The eastern end of Long Island is already a cornucopia of fruit, vegetable and flower farms. Now one East Quogue woman is taking the plunge, literally, into a completely different type of farming: offshore marine aquaculture.
Just what is aquaculture? NOAA, the National Oceanic and Atmospheric Administration, defines it as the “breeding, rearing and harvesting of plants and animals in water environments like ponds, rivers, lakes and the ocean.”
While fish farming is already taking place in local waters, Manna Fish Farms will become the first company to farm fish in federal waters off the East Coast of the United States.
Working with marine experts from Stony Brook University and aquaculture experts from the University of New Hampshire, Manna Fish Farms plans to farm wild striped bass in floating aquapods eight miles off the coast of Southampton by 2018.
“We’re starting this April, spawning our first batch of fingerlings,” Manna Fish Farms CEO and founder Donna Lanzetta said. “When we put them offshore at the site, the fingerlings will be 12 to 14 months old.”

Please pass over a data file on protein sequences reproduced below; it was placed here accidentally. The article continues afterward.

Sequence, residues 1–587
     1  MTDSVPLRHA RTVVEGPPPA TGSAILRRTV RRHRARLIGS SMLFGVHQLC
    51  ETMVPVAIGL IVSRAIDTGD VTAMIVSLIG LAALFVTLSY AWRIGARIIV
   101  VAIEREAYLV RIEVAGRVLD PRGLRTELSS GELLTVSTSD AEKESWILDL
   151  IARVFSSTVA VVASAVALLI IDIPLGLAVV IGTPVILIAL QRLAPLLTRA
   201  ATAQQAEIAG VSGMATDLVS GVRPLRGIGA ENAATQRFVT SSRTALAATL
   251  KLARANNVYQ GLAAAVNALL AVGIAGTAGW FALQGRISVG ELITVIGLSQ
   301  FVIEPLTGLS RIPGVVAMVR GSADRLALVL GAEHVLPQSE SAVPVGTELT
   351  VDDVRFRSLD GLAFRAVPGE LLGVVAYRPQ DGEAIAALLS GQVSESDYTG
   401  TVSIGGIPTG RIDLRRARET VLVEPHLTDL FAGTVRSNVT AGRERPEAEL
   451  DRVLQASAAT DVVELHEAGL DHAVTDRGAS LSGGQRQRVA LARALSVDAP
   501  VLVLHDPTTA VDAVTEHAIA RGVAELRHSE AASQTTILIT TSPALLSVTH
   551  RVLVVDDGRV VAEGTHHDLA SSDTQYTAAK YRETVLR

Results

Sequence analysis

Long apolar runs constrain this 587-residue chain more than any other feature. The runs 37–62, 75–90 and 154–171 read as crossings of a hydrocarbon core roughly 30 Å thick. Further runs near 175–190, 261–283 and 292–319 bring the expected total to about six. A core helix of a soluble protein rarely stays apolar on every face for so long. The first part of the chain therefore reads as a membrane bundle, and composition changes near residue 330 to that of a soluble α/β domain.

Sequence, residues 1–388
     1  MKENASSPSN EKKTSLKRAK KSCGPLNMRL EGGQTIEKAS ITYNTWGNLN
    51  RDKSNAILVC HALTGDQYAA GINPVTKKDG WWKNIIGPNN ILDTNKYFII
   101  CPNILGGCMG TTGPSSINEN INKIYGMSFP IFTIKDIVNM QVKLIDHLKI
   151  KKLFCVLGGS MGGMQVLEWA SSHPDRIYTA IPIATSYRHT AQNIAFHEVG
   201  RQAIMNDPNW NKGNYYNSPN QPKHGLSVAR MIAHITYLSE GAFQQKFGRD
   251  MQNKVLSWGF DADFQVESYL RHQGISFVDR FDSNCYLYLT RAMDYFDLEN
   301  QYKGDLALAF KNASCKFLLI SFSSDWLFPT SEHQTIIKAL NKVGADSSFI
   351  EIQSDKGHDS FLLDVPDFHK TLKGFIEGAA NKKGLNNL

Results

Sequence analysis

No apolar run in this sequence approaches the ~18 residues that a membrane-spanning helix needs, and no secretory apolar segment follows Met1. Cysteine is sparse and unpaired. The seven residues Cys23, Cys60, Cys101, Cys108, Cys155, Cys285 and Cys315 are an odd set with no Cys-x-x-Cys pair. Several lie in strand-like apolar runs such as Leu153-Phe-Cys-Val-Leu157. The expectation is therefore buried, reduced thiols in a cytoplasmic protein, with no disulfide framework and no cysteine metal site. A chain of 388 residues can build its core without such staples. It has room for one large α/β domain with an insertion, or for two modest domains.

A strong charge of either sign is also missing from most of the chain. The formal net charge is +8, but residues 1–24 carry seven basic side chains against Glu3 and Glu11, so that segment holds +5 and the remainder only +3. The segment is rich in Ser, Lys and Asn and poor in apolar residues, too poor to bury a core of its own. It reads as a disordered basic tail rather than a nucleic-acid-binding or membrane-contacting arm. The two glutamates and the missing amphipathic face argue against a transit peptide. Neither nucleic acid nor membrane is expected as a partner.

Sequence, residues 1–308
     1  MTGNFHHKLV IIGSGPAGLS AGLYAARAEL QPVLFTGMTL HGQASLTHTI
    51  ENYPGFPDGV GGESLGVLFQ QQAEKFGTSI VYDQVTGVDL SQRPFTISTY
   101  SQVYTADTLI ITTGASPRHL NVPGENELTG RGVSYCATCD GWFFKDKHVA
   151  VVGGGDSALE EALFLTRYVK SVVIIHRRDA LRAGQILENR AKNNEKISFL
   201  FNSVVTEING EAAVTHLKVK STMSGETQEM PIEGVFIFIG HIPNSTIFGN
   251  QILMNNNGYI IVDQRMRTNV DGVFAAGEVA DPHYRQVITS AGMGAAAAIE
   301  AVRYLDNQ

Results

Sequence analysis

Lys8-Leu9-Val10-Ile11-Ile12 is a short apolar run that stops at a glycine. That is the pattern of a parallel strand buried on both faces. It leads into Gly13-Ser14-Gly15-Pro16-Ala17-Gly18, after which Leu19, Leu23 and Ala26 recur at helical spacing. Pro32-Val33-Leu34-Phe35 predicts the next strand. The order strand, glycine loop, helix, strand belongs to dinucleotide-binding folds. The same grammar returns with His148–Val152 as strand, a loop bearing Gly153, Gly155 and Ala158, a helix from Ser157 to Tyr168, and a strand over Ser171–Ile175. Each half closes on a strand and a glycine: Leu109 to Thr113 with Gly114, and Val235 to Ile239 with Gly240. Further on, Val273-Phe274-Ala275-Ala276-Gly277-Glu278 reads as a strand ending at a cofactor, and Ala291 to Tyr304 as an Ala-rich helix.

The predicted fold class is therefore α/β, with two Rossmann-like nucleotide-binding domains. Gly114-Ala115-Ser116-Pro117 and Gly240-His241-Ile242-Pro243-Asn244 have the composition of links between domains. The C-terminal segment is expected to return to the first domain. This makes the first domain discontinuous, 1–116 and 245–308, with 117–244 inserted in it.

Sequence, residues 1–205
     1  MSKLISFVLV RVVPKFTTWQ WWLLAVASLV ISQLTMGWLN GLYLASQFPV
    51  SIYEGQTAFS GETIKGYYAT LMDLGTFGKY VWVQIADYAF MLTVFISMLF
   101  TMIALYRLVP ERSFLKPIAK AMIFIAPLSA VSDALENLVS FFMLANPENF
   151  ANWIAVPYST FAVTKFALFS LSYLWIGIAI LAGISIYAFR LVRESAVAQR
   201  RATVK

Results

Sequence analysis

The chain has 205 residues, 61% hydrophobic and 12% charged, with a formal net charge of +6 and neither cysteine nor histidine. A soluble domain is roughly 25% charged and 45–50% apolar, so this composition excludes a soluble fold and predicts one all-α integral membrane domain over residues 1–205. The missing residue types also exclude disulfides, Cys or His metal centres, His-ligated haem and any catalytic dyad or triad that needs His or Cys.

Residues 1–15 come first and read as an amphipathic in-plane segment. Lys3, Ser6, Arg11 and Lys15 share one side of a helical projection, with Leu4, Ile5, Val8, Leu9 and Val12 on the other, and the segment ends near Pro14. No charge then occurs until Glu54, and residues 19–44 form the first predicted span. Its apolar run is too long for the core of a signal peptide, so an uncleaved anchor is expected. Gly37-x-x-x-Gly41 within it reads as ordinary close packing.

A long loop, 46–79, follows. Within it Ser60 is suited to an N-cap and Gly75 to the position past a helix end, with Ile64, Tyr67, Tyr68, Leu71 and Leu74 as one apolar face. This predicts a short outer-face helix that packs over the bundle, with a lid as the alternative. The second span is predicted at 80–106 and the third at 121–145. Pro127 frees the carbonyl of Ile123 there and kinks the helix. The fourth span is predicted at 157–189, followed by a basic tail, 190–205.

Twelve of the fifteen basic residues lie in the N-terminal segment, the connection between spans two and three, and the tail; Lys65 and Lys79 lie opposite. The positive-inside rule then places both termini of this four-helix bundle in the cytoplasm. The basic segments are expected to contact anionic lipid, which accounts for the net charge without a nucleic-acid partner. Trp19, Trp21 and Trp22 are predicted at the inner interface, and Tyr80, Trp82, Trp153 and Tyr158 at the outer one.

Hard to believe that with thousands of miles of federal waters available, the U.S. is just now getting into ocean fish farming. In fact, Manna Fish Farms could become the first company to ever farm federal waters, depending on the schedule of Hubbs-Seaworld Research Institute, which has applied to farm fish off the West Coast, near San Diego.
“They filed ahead of us, so we’re watching their project and wishing them luck,” Lanzetta said.
According to Lanzetta, the U.S. is actually behind in ocean marine aquaculture, already a multi-million dollar industry overseas.
“The U.S. has an exclusive economic zone that runs from three to 200 miles around our country,” Lanzetta explained. “In 2016 the United Nations reported that the U.S. has the greatest potential in the world for offshore farming in that zone, but we’re way behind the rest of the world.”
According to the NOAA-owned website Fishwatch.gov, 90 percent of the seafood consumed in the United States is imported.
“We’re exporting the great percentage of our wild fish and importing cheaper, farmed fish primarily from Asia. That’s just the way the economics are working right now, but it’s crazy!” Lanzetta said. “At the same time, 19 percent of the protein consumed in the U.S. is seafood and the UN said we’ll need to double our aquaculture production just to maintain our current levels of consumption.”
Lanzetta wants Manna Fish Farms to lead the way in making sustainable fish farming an economic and environmental possibility.